We aren't supposed to get this much snow in central NC
How, pray tell did I get the rope attached to the peak of roof 33 feet up in the air you ask, having no tall ladders or Spiderman abilities? I'm glad you asked... Well, the rope is tied inexpertly, using granny knots, to one side of an S-hook. I use a cane-pole fishing rod as an extension with a piece of masking tape on the end lightly holding the S-hook. Then I precariously lean out my 3rd story window eight feet under the eave (don't try this at home) and "fish" the S-hook through a loop at the peak of the eave, that was installed there by my nice painter, many years ago. Once the S-hook is in the loop, I tug on the fishing pole and the masking tape lets loose of the S-hook and the S-hook remains in the loop, holding a few feet of old dacron rope. QRP-indeed !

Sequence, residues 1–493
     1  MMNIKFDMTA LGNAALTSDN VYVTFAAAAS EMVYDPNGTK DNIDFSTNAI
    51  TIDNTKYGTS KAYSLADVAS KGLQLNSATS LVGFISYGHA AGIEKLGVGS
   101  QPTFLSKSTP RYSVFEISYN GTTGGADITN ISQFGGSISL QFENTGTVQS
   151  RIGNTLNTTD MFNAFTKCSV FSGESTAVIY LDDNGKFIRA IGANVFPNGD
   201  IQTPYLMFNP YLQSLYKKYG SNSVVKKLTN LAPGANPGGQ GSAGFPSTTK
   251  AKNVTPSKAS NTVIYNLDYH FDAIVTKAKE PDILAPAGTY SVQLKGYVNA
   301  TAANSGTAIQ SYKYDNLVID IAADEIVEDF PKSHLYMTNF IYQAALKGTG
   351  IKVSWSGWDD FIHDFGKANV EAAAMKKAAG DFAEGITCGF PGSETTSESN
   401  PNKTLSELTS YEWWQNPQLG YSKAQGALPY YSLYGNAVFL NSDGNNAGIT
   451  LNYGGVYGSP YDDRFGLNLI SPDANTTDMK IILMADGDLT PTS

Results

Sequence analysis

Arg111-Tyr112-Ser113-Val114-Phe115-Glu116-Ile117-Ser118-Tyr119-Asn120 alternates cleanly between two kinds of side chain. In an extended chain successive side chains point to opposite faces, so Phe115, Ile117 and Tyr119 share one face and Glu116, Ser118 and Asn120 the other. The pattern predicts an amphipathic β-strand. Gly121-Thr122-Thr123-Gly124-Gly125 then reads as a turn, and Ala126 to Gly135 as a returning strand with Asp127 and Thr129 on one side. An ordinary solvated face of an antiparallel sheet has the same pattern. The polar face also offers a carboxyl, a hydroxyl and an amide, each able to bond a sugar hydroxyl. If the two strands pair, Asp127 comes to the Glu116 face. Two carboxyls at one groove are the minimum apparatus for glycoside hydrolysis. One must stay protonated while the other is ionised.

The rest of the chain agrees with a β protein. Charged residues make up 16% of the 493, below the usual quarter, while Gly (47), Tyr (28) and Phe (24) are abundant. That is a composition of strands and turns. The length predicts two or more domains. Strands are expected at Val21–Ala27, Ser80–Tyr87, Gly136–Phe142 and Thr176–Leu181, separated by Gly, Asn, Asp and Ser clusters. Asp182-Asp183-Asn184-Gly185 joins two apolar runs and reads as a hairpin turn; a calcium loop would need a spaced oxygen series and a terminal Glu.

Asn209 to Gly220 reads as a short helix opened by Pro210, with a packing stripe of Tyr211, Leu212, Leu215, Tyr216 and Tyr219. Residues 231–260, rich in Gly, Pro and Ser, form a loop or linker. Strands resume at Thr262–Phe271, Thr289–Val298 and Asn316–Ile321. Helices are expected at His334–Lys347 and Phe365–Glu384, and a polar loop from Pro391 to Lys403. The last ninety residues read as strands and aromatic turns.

This incarnation of the antenna was first installed November 2015. In that time an ice storm drug it to the ground, and a tropical storm broke the mooring as well.
Amazing stuff, doorbell wire and old dacron rope.
That gleaming line of ice from right to left in the picture below used to be elevated a bit more
This antenna is designed to fail gracefullyI wanted to be sure that when the antenna was under stress it would relieve itself at the easiest place to repair. The rope on the long end of offset dipole runs through a pulley attached, with a zip tie, at the top of a set of sturdy, stacked fiberglass tent poles. The rope runs through the zip-tie attached pulley to a long, lightweight, spring (the kind used for a small fence gate) along with the pulley provides the strain relief when it's windy. The zip tie holding the pulley at the top of the pole is intentionally the weak link. When the forces become too much the zip tie breaks and the long, heavy side of the antenna falls across the garden. It's a simple matter to pull a section of the fiberglass pole loose, attach a new zip tie, and Bob's your uncle.
So when you design your next wire antenna, plan ahead for easy repair.